YUM! Joins the Growing Corporate Commitment to 100% Responsible Palm Oil
By Holly Testa, Director, Shareowner Engagement
Trillium Asset Management and First Affirmative Financial Network joined forces last fall to file a shareholder resolution at Yum! Brands asking for quantitative information that demonstrates the extent to which Yum! is curtailing the impact of its palm oil supply chain on deforestation and human rights.
This resolution was withdrawn after productive dialogue with the company resulted in meaningful improvements to the Yum! Brand policy on palm oil. The newly published YUM! Palm Oil Policy, along with the many other commitments that have been secured recently, represents an important step in the right direction; however, effective implementation is what really matters.
What Does Responsible Palm Oil Mean?
The new YUM! Policy reflects some of the features that exemplify best practice in the industry:
- No development on High Conservation Value landscape or High Carbon Stock forests.
- No development on peatlands and use of best management practices for existing plantations on peat.
- Prevention and resolution of social and/or land conflicts consistent with the principle of free prior and informed consent.
- Traceability to the extraction mill and validation of fresh fruit bunches.
- Not employing underage children or forced laborers and prohibiting physical abuse.
- Compliance with country laws and regulations and our supplier code of conduct.
What seems to be a rapid and firm commitment to transforming how this industry does business is heartening, demonstrating that major structural change is indeed possible when a diverse—and sometimes conflicted—group of stakeholders work together. But why has palm oil catalyzed such a far-reaching movement among a broad coalition of nongovernmental organizations, the United Nations, investor groups and corporations?
Palm Oil Plantations Wipe out Rain Forests
As is so often the case, the industrial scale production of a valuable commodity brings “unintended consequences.” The rapid development and growth of the palm oil industry has brought with it a host of environmental and social ills that have transformed a potentially sustainable industry into one of environmental and social degradation.
Although palm oil plantations can thrive on marginal land, this is not where many plantations are located. Instead, virgin forests have been cleared, causing a cascade of environmental and health effects:
- Malaysia had the highest deforestation rate on the planet between 2000 and 2012, according to mapping project published in Science and powered by Google. It lost a staggering 14.4% of its rain forest, and Indonesia was not far behind at over 8%.
- Peatlands, swamplands that are rich in organic matter, are being drained and burned to accommodate palm oil plantations, releasing disproportionate levels of carbon. Research published in Nature Geoscience indicates that while peatlands only cover 2% to 3% of the planet, they may store as much as 25% of all soil carbon.
- These forests are prime habitat for a wide range of endangered species including orangutans, pygmy elephants, Sumatran rhinos, and clouded leopards. Orangutan numbers have plummeted, primarily due to loss of habitat and habitat degradation.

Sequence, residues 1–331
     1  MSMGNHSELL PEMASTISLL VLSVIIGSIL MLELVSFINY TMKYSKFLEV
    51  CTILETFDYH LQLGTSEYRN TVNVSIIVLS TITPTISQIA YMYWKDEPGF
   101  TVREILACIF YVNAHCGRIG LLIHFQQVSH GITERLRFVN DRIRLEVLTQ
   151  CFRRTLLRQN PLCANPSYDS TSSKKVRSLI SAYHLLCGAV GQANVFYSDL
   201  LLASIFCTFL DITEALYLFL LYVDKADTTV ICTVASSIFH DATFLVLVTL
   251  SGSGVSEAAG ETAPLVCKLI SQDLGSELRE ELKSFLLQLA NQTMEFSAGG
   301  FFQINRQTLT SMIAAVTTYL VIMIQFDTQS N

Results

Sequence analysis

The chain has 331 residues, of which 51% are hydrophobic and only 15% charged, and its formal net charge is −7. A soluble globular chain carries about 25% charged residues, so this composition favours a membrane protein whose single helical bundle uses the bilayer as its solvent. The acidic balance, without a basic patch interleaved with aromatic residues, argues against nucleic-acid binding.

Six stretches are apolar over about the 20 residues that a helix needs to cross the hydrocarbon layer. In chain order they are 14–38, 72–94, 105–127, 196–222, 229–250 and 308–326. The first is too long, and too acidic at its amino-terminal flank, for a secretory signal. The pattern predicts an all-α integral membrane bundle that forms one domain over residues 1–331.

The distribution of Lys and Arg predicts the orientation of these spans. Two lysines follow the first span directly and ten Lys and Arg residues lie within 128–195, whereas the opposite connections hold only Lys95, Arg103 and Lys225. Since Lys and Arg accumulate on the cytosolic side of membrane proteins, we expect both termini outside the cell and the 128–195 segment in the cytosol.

- An investigation by Bloomberg uncovered widespread human rights abuses of the labor force and “land grabs” are robbing local communities of their homes.
- A fast acting strain of malaria is now the leading cause of hospitalizations in Malaysia, and there are indications that the rapid deforestation is the cause.
Commitments Are Not Enough
Major companies who purchase the world’s palm oil have made substantial commitments to source only sustainable palm oil, but we will have our work cut out for us to monitor the implementation of policies and practices that will make these commitments reality on the ground.
Yum! is a good example. The company has made a commendable commitment to sustainable palm oil, but living up to that pledge involves tracing supply chains; and what about franchises?
As Sum of Us points out, Yum! faces formidable challenges if they truly wish to completely disassociate its brands from deforestation by the end of 2017 as its commitments to sourcing sustainable palm oil will be difficult to apply consistently throughout its supply chain and global brand.
For example, Yum! owns Pizza Hut, but the Asian Pizza Hut franchise rights are owned by Jardine Matheson, which also operates Kentucky Fried Chicken franchises throughout Asia. Palm oil for these franchises is provided by Astra Argo Lestari, which is also owned by Jardine Matheson. Unfortunately Astra Argo Lestari has not made any commitments to improve practices associated with deforestation and peat land destruction. It’s complicated!
As you can see, it will be a challenge for companies to navigate—and for activist investors to follow—this tangled web of corporate interrelationships and supply chains.
First Affirmative understands that the ways we save, spend, and invest can dramatically influence both the fabric and consciousness of society. We believe that in addition to the benefits of ownership, investors bear responsibility for the impact our money has in the world. Are you making conscious decisions about the impact of your consumer purchase and investment decisions?
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Posted: July 15, 2015